PCS can be adjusted to cover a broad range of areas where sedation is needed, which, in this thesis, included burn care, gynaecological out-patient surgery and endoscopic procedures for the diagnosis and treatment of diseases in the bile ducts (endoscopic retrograde cholangiopancreatography [ERCP]). PCS for burn wound treatment demands the addition of alfentanil, but still seems to be safe. PCS was preferred by the patients instead of anaesthetist-controlled sedation. The addition of alfentanil to PCS as an adjunct to gynaecological surgical procedures also using local anaesthesia increases the surgeon’s access to the patients, but impairs safety. Apnoea and other such conditions requiring interventions to restore respiratory function were seen in patients receiving both alfentanil and propofol for PCS. Patients’ experiencing perioperative pain and anxiety did not explain the effect-site concentrations of drugs. Different gynaecological procedures and patients’ weights seemed to best explain the concentrations. For discomfort and pain during the endoscopic procedure (ERCP), propofol PCS performs almost the same as anaesthetist-performed sedation. Overall, as part of the pre-operative procedures, PCS does not seem to be time-consuming. In respect to the perioperative perspective, PCS supports rapid recovery with a low incidence of tiredness, pain, and post-operative nausea and vomiting (PONV).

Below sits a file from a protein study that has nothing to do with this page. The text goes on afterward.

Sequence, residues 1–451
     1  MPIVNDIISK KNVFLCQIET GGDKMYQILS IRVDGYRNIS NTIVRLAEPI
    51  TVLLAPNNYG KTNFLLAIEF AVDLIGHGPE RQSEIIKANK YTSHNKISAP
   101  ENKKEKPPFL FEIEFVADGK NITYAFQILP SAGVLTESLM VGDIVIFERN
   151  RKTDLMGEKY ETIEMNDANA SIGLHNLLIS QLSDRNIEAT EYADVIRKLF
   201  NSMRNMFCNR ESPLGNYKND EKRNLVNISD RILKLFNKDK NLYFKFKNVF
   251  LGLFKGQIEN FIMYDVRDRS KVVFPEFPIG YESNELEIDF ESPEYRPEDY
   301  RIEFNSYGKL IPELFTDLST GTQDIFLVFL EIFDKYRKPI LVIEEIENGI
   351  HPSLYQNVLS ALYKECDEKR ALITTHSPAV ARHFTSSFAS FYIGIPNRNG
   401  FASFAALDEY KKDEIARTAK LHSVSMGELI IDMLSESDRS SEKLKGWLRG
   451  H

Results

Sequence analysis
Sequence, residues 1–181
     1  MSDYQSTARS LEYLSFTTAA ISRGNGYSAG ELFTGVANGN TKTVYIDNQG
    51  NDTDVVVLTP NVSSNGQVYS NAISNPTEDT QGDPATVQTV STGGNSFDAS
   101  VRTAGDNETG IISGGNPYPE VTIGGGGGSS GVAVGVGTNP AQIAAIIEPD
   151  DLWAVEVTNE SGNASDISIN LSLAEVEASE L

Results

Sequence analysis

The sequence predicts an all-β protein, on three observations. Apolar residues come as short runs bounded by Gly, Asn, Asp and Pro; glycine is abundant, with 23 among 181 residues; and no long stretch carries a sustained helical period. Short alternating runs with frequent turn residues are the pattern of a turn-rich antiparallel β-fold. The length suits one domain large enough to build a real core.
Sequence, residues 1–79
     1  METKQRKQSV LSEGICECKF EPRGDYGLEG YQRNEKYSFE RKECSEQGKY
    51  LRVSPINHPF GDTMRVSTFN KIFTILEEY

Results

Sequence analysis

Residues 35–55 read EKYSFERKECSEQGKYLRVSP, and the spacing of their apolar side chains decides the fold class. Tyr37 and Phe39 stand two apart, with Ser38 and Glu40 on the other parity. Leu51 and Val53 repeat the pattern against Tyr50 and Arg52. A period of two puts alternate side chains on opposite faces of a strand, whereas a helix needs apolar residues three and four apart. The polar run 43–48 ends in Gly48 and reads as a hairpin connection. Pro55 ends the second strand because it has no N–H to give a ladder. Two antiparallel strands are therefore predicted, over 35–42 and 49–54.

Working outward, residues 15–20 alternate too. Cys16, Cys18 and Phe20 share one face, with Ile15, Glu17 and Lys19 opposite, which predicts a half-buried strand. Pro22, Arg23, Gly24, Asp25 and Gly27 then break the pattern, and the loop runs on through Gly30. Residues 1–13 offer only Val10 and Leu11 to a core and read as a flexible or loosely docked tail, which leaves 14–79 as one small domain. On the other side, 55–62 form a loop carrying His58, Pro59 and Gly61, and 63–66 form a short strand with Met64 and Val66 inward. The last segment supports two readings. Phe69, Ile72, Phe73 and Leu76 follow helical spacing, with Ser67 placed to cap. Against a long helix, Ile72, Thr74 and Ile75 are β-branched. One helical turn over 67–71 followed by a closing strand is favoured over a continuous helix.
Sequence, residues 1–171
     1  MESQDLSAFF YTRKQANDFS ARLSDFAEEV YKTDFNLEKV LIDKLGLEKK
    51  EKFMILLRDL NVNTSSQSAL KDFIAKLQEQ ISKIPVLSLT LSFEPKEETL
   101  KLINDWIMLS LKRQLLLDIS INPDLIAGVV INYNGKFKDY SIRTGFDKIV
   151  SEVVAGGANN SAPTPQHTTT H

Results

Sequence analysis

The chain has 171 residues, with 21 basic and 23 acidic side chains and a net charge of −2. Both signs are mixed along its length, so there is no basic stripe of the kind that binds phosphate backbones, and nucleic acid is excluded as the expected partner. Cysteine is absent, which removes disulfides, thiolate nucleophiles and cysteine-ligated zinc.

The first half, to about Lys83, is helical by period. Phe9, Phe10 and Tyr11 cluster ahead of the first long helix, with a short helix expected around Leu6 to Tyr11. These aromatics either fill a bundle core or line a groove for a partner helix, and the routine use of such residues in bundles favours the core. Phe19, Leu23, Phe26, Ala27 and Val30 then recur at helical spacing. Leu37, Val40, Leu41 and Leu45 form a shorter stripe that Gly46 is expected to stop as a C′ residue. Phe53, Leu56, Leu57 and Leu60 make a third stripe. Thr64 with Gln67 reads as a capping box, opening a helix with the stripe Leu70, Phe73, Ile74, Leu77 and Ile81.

The data suggest that PCS further needs to be adapted to the patient, the specific procedure and the circumstances of sedation for optimal benefit and enhanced safety.

    List of papers
    1. Patient controlled sedation using a standard protocol for dressing changes in burns: Patients' preference, procedural details and a preliminary safety evaluation
    Open this publication in new window or tab >>Patient controlled sedation using a standard protocol for dressing changes in burns: Patients' preference, procedural details and a preliminary safety evaluation
    2008 (English)In: Burns, ISSN 0305-4179, E-ISSN 1879-1409, Vol. 34, no 7, p. 929-934Article in journal (Refereed) Published
    Abstract [en]